The Big Bang 6.0L Gen 4: Big Boost

Big-Boost Edi­tion

Hot Rod - - Contents - Richard Hold­ener

hBy now, ev­ery LS owner should be fa­mil­iar with at least one of the Big Bang LS en­gines. To re­fresh your mem­ory, we kicked off the Big Bang test­ing at HOT ROD in 2011, when we took a stock LR4 4.8L short-block (that we orig­i­nally thought was a 5.3L) and treated it to sur­fac­ing and a light ball hone, and in­creased the ring gap on the orig­i­nal stock rings. Then we added ported heads, a cam up­grade, and a new in­take man­i­fold. Af­ter pump­ing boost through the com­bi­na­tion with a pair of tur­bos, we even­tu­ally pro­duced more than 1,200 hp, and the thing was still alive!

We re­peated this pro­ce­dure with a larger 5.3L for Truckin mag­a­zine, then again with a 6.0L for Su­per Chevy. The 5.3L topped the 1,300hp mark, while the larger 6.0L thumped out 1,482 hp at 28.5 psi of boost. The one thing this trio of LS en­gines had in com­mon was they were all early Gen 3 ver­sions. When

GM in­tro­duced the Gen 4, the up­graded ver­sion in­cluded a re­vised block and stronger (full-float­ing) con­nect­ing rods. Since the rods were the even­tual weak link in the LS, we de­cided it was high time to ap­ply the Big Bang treat­ment to a Gen 4 en­gine.

The idea be­hind the Big Bang test­ing was pretty sim­ple: We wanted to il­lus­trate how much power the stock in­ter­nals could with­stand. Un­der­stand that just be­cause the en­gine will throw down a huge power num­ber for one dyno pull doesn’t mean it will do that all day—or even twice, for that mat­ter. As you in­crease the power out­put, you de­crease the life cy­cle of the com­po­nents. Run­ning at 350 hp, the en­gine will prob­a­bly last 250,000 miles or longer. Run at 1,482 hp, the rods in the Gen 3 6.0L only lasted one run. The stock com­po­nents were de­signed for the in­tended com­bi­na­tion of power out­put and longevity. Rac­ers have run these stock, bot­tom-end LS en­gines near the 1,000-fly­wheel-horse­power level for many passes. As you in­crease power, the num­ber of po­ten­tial (suc­cess­ful) runs de­creases, and who wants to oil down a track or drive over their own crank at 150 mph? The point is, the big num­ber does not mean you can go out and run it like that. These Big Bang en­gine tests were just ex­er­cises we did to find the break­ing point, which we failed at (but more on that later).

For years, many LS en­thu­si­asts scoffed at the 6.0L due to its larger bore. Their con­cerns in­cluded re­duced head-gas­ket seal­ing and thin­ner cylin­der-wall thick­ness, at least com­pared with the smaller 5.3L. Test­ing on the pre­vi­ous Gen 3 6.0L sure seemed to in­di­cate that nei­ther of these were a prob­lem, as the con­nect­ing rod let go well be­fore we ex­pe­ri­enced any is­sues with gas­ket seal­ing or wall in­tegrity. Of course, the 6.0L is more ex­pen­sive and harder to find than the

5.3L, so we sus­pect those are the ma­jor rea­sons for the con­tin­ued pop­u­lar­ity of the smaller en­gine. If you can get to the de­sired power goal with a 5.3, why go to the ex­pense of the big-bore ver­sion, right? This is es­pe­cially true of com­bi­na­tions look­ing for any­thing less than max­i­mum power. Prop­erly tuned, a tur­bocharged 5.3 LM7 (or other vari­ant) can ex­ceed 1,000 hp for race ap­pli­ca­tions, or it can be used to tow a trailer at lower boost lev­els—such is the flex­i­bil­ity of a turbo en­gine. A 6.0, how­ever, will make more power at any given boost level and im­prove spool-up, some­thing im­por­tant when run­ning a larger turbo(s).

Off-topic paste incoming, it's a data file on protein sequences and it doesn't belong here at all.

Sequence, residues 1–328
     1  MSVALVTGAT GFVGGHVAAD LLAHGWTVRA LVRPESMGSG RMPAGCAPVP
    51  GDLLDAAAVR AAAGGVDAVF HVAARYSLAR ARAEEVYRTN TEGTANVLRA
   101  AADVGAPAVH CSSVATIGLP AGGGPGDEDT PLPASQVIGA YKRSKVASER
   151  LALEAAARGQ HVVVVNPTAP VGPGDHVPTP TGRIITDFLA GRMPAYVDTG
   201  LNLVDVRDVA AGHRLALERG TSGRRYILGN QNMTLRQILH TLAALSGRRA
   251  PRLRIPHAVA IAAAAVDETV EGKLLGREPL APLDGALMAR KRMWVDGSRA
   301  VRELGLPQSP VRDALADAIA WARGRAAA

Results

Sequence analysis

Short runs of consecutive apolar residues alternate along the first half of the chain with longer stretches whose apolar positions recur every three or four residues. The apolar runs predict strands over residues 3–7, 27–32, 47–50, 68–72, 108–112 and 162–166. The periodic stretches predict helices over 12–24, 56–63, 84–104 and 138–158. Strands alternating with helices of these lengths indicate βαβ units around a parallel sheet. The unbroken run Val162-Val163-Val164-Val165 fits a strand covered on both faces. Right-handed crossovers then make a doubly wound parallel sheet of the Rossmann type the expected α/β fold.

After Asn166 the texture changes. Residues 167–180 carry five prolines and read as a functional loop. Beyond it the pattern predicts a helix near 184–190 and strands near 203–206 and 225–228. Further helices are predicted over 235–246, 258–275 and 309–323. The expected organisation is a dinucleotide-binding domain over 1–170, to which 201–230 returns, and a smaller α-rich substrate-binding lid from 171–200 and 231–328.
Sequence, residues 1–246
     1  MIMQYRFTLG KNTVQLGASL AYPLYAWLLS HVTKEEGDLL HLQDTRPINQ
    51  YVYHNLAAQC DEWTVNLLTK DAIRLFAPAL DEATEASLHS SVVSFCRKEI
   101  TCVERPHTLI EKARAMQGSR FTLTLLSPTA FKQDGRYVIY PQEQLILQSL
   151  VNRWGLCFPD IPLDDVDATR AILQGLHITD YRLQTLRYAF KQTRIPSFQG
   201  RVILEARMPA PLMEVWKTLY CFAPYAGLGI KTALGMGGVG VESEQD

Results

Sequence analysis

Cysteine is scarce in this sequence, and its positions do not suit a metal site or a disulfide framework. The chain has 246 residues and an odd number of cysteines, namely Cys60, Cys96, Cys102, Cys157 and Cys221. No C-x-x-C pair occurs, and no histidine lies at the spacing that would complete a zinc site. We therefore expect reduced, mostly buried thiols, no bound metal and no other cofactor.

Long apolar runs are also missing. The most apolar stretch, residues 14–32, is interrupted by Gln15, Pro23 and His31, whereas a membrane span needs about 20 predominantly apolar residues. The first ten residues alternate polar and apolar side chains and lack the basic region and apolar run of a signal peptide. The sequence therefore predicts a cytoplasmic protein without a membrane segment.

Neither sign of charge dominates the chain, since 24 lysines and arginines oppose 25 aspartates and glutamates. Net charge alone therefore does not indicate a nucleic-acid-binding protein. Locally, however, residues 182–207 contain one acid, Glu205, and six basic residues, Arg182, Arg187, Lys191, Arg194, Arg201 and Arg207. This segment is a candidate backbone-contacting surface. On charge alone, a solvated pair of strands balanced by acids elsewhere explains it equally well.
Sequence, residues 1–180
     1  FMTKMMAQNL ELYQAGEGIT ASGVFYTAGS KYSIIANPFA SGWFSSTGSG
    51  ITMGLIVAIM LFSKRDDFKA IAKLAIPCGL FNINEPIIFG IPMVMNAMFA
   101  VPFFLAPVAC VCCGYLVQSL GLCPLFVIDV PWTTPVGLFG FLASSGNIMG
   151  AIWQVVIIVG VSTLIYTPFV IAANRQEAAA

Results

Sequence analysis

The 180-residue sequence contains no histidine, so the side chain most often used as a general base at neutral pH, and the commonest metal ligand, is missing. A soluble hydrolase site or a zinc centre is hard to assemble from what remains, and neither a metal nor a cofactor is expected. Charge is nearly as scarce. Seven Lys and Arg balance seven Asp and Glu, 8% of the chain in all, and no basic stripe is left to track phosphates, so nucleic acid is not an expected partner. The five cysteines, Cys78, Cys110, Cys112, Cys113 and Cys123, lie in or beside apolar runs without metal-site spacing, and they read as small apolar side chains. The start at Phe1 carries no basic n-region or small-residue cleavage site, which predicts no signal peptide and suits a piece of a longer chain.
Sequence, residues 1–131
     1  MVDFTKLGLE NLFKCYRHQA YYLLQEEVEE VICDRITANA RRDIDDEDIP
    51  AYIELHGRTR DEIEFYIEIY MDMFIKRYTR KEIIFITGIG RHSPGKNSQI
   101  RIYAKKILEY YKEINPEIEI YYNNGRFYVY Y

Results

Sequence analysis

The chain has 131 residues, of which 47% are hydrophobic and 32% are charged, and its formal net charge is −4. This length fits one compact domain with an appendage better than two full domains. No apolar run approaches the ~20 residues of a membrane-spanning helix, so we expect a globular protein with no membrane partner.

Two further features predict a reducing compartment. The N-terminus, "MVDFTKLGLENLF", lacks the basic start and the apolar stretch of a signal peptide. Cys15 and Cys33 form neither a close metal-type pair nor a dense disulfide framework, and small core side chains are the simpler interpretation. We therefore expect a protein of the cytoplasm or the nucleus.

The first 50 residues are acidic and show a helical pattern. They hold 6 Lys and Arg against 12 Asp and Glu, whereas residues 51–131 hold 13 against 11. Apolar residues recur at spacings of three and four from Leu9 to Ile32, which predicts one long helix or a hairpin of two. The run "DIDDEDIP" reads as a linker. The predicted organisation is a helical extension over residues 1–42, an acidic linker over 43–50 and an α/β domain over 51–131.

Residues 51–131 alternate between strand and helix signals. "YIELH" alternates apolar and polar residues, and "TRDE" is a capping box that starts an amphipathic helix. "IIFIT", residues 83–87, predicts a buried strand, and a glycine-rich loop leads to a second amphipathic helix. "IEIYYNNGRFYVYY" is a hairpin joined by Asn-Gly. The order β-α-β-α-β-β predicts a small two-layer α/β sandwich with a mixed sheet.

The Gen 4 6.0L cho­sen for this test was a 2008 LY6. This par­tic­u­lar ver­sion had a num­ber of de­sir­able fea­tures, in­clud­ing rec­tan­gle-port 823 (LS3style) heads, a free-flow­ing in­take, and vari­able valve tim­ing (VVT). Se­cured on­line from LKQ, the high-mileage LY6 was well-worn and used for nu­mer­ous

com­par­i­son tests be­fore be­ing drafted into Big Bang duty. Prior to run­ning, the LY6 short-block was dis­as­sem­bled and treated to sur­fac­ing, a quickie ball hone, and a fresh coat of paint. The real rea­son for the dis­as­sem­bly was to in­crease the fac­tory ring gap on the orig­i­nal pis­ton rings. In most cases, pis­ton fail­ure un­der pres­sure is caused by in­suf­fi­cient ring gap. The rings heat up and the ends butt to­gether and seize mo­men­tar­ily in the bore. The re­sult is a bro­ken ring land on the pis­ton, but the cul­prit is ac­tu­ally in­suf­fi­cient ring gap. For our LY6, the ring gap was in­creased from a mea­sured 0.019/0.024 inch to a lit­tle more than 0.030 inch for both top and bot­tom rings. The orig­i­nal rod bolts were also re­tained, as were the pro­duc­tion lifters, but we swapped out the VVT tim­ing setup for a 4X cam gear and a used chain.

Though we re­tained the stock ro­tat­ing as­sem­bly, we made changes to the cam and top end. To en­sure plenty of power, we se­cured a Lil John’s Mo­tor­sport So­lu­tions Stage 3 twin-turbo cam from Brian Too­ley Rac­ing. This cam was a sig­nif­i­cant step up the per­for­mance lad­der com­pared with the stock LY6 cam and of­fered 231/243 de­grees of du­ra­tion at 0.050-inch tap­pet lift, 0.605/0.614-inch valve lift, and 115+5-de­gree lobe-sep­a­ra­tion an­gle.

The cam was teamed with a set of CNC­ported Trick Flow Spe­cial­ties Gen X 225 heads. Why re­place the fac­tory rec-port LS3 heads with cathe­dral-ports, you ask? Tested on the nor­mally as­pi­rated 6.0L, these Gen X 225 heads were worth 30 hp more than the stock rec-port heads. More power nat­u­rally as­pi­rated (NA) equals more power un­der boost!

The heads were se­cured us­ing GM LS9 head gas­kets and ARP 625 head studs. Top­ping it off was a Hol­ley Race Sniper in­take. De­signed for boosted ap­pli­ca­tions, the heavy-duty in­take is ca­pa­ble of with­stand­ing more boost than the stock bot­tom-end ever could, with rac­ers re­port­edly run­ning as much as 40 psi. The short­run­ner Race Sniper was also cho­sen to help re­duce midrange torque pro­duc­tion, some­thing that re­ally takes a toll on the cast in­ter­nals. The Race Sniper was teamed with a match­ing 92mm Sniper throt­tle-body and 120-pound Hol­ley in­jec­tors fed by an Aero­mo­tive pump, which was fur­ther aug­mented by a 17-volt Kenne Bell Boost-aPump. Dial­ing in the all-im­por­tant air/fuel and tim­ing curves was a Hol­ley HP ECU with a 3-bar MAP sen­sor.

With our en­gine at the ready, we in­stalled it on the dyno at Westech Per­for­mance Group to estab­lish a base­line in NA trim. The 6.0L did not dis­ap­point us, generating peak num­bers of 548 hp at 7,000 rpm and 462 lb-ft of torque at 5,500 rpm. Sat­is­fied with our start­ing point, it was time for boost.